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March 9, 2017
by ac
When Ivory Towers Were Black: A Story about Race in America’s Cities and Universities by Sharon Egretta Sutton, FAIA.
Carol Lowenson, FAIA, LEED AP, Partner, Mitchell | Giurgola Architects; and Dr. Sharon Egretta Sutton, FAIA, Professor Emerita of Architecture and Design, University of WashingtonCredit: Center for Architecture

Dr. Sharon Egrette Sutton’s recent book, When Ivory Towers Were Black, is a three-pronged exploration of the cultural, educational, and personal events surrounding the 1968 student insurgency on the Columbia University campus. Sutton describes her experience as a minority student after the insurrection and tells the tale of Columbia before and after. During her Oculus Book Talk lecture on 02.13.17 at the Center of Architecture, Sutton explained that, unlike today, when diversity aspiration ally seen as a way to balance and improve communities, in 1968, the fight against racism and efforts towards creating diverse academic communities were issues of national security. The summer of 1968 numbered 163 racial confrontations in the inner cities of the US. The Ivy League was about to become ground zero for change.

Sutton’s chapter on the student insurgency covers how thirty or so architecture students occupied the architecture school’s Avery Hall, protesting the racist and expansionist policies of the university. The breaking up of the occupation was a shocking, violent event. The Avery insurgents, who had been conceptualizing a new approach to architectural education during the sit-in, became fully radicalized. The Columbia University insurgency uncoupled the educational value system that the hallowed Columbia halls had maintained and, as a result, the architecture curriculum exploded. When outdoor “teach-ins” organically grew out of the Strike Coordinating Committee boycott of classes held inside Columbia buildings, a new way to learn became possible. Sutton carefully describes the “platform” curriculum for the architecture school, the one she walked into in 1970.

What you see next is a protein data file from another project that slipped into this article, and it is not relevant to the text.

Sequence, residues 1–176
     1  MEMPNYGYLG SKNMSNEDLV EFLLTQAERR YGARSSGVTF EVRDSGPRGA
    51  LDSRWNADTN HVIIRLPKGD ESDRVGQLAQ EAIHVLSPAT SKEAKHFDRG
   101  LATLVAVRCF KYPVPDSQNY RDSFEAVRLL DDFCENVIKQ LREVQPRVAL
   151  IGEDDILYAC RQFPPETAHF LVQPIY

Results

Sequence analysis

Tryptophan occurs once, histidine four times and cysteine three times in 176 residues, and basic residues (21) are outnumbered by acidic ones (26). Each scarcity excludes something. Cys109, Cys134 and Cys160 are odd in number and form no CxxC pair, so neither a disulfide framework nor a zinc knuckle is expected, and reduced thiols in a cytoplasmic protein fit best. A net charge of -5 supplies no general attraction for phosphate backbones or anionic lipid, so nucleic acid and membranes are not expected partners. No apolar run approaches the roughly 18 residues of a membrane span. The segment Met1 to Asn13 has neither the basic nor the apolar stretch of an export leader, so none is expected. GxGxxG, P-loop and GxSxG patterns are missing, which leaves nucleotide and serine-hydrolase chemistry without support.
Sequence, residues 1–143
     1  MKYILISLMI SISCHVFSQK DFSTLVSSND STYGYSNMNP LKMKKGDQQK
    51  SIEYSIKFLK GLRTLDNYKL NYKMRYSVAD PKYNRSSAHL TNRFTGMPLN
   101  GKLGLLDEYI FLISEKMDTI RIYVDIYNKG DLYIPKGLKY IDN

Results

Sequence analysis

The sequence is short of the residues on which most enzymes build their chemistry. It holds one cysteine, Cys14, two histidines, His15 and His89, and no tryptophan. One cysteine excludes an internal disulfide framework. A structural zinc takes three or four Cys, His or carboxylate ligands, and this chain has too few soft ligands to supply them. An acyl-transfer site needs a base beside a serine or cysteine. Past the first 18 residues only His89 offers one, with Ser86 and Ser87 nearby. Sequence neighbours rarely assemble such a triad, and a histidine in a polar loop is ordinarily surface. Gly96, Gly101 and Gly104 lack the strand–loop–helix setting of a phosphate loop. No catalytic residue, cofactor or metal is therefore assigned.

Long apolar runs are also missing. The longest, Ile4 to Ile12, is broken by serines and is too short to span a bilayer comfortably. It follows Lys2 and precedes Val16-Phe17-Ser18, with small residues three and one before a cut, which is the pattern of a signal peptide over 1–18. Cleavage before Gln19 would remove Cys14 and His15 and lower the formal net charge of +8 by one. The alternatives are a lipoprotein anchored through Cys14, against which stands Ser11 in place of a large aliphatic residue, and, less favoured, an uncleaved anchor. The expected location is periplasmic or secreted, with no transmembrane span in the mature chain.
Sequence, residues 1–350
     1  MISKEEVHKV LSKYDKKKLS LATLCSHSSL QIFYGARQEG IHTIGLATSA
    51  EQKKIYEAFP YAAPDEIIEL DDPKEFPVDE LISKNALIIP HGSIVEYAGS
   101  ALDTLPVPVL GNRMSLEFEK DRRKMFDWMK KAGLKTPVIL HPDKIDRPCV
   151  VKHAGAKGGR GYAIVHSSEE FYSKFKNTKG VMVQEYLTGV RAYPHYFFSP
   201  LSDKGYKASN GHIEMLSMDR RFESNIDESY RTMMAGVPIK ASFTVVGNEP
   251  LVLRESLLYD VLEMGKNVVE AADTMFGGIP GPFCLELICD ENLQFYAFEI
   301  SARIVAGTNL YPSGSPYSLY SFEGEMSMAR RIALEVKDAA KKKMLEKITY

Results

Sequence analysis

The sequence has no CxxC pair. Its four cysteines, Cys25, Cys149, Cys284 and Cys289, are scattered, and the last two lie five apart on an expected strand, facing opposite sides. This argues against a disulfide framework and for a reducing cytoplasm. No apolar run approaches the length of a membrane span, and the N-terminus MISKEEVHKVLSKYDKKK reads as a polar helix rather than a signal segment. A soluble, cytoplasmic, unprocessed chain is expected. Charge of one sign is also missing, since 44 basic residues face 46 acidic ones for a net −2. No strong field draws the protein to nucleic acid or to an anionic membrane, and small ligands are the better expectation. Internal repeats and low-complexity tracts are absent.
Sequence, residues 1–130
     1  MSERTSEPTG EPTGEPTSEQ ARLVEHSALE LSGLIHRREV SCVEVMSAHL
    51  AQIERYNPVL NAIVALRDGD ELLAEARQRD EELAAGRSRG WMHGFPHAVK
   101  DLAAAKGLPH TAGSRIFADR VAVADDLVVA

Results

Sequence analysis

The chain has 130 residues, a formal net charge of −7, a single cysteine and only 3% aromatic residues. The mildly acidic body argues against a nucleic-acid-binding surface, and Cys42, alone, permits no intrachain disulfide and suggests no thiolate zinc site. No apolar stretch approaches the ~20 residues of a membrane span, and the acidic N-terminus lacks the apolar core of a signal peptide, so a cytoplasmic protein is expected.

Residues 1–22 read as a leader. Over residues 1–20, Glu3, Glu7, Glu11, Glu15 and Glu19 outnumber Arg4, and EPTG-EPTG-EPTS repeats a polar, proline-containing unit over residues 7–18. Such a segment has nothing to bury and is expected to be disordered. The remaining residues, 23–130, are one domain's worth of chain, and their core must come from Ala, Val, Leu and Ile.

Sutton, along with her 56 minority peers, experienced a climate of academic freedom and experimentation during her time studying architecture. Students looked to the adjacent Harlem community for inspiration and moral guidance. Columbia’s community-based Architects Renewal Committee of Harlem (ARCH) is a fascinating precursor to the design/build Rural Studio program at Auburn University; Columbia University was at the forefront of social justice design challenges and advances.

Sadly, after an accreditation body found fault with the university’s structural problems in general, this curriculum revolution ended, as did the architecture school’s mandate to recruit minority students. Sutton records a finite moment of moral clarity and invention in architectural education.

Sutton digs deeply into a discussion of the academic administrative machinations, but it takes a particular mind to follow all the slights and injustices that an academic environment can bring forth. This section is not as strong as her narrative of the insurgency and its major players. James Stewart Polshek comes off as a young man trying to maintain authority rather than an insightful leader during his time as Dean of GSAPP, and other administrators are hard to distinguish in the narrative. The aftermath of the curriculum revolution coincides with Nixon’s election, and a law and order mandate shifts the tone of academia – chilling in light of our current political climate.

Sutton’s prose is luscious and lively; the first paragraph of the introduction is a captivating prophecy of an institution breaking down and its will to rebuild for the good. Her multitude of voices, however, sometimes confuse her narrative. At times, her almost Shakespearian intimacy with the audience is at odds with her polished, academically rigorous tone that pervades the interviews and much of the text.

But ultimately, Sutton sets out a clear road map of the historical framework that these 50 or so students of color found themselves in, a road map where diversity and community inclusion is how one practices architecture and is a citizen of the world.

Event: Oculus Book Talk: When Ivory Towers Were Black: A Story about Race in America’s Cities and Universities
Location: Center for Architecture, 02.13.17
Speakers: Dr. Sharon Egretta Sutton, FAIA, Professor Emerita of Architecture and Design, University of Washington; Carol Loewenson, FAIA, LEED AP, Partner, Mitchell | Giurgola Architects
Organized by: AIANY Oculus Committee

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